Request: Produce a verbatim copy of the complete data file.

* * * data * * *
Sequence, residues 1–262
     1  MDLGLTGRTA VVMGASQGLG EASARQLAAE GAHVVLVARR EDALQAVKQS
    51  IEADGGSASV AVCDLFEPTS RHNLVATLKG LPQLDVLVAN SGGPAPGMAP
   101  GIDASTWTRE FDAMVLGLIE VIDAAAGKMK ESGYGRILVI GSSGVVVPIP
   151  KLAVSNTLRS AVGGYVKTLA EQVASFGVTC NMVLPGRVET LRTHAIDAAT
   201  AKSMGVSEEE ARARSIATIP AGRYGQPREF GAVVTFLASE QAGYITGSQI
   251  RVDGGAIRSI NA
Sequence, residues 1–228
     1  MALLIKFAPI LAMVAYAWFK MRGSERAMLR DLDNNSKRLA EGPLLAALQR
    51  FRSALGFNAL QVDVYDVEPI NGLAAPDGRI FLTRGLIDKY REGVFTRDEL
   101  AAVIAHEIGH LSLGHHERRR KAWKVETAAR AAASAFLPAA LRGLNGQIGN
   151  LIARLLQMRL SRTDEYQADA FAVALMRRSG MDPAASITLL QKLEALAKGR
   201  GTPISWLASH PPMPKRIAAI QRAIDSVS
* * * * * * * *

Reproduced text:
Sequence, residues 1–262
     1  MDLGLTGRTA VVMGASQGLG EASARQLAAE GAHVVLVARR EDALQAVKQS
    51  IEADGGSASV AVCDLFEPTS RHNLVATLKG LPQLDVLVAN SGGPAPGMAP
   101  GIDASTWTRE FDAMVLGLIE VIDAAAGKMK ESGYGRILVI GSSGVVVPIP
   151  KLAVSNTLRS AVGGYVKTLA EQVASFGVTC NMVLPGRVET LRTHAIDAAT
   201  AKSMGVSEEE ARARSIATIP AGRYGQPREF GAVVTFLASE QAGYITGSQI
   251  RVDGGAIRSI NA
Sequence, residues 1–228
     1  MALLIKFAPI LAMVAYAWFK MRGSERAMLR DLDNNSKRLA EGPLLAALQR
    51  FRSALGFNAL QVDVYDVEPI NGLAAPDGRI FLTRGLIDKY REGVFTRDEL
   101  AAVIAHEIGH LSLGHHERRR KAWKVETAAR AAASAFLPAA LRGLNGQIGN
   151  LIARLLQMRL SRTDEYQADA FAVALMRRSG MDPAASITLL QKLEALAKGR
   201  GTPISWLASH PPMPKRIAAI QRAIDSVS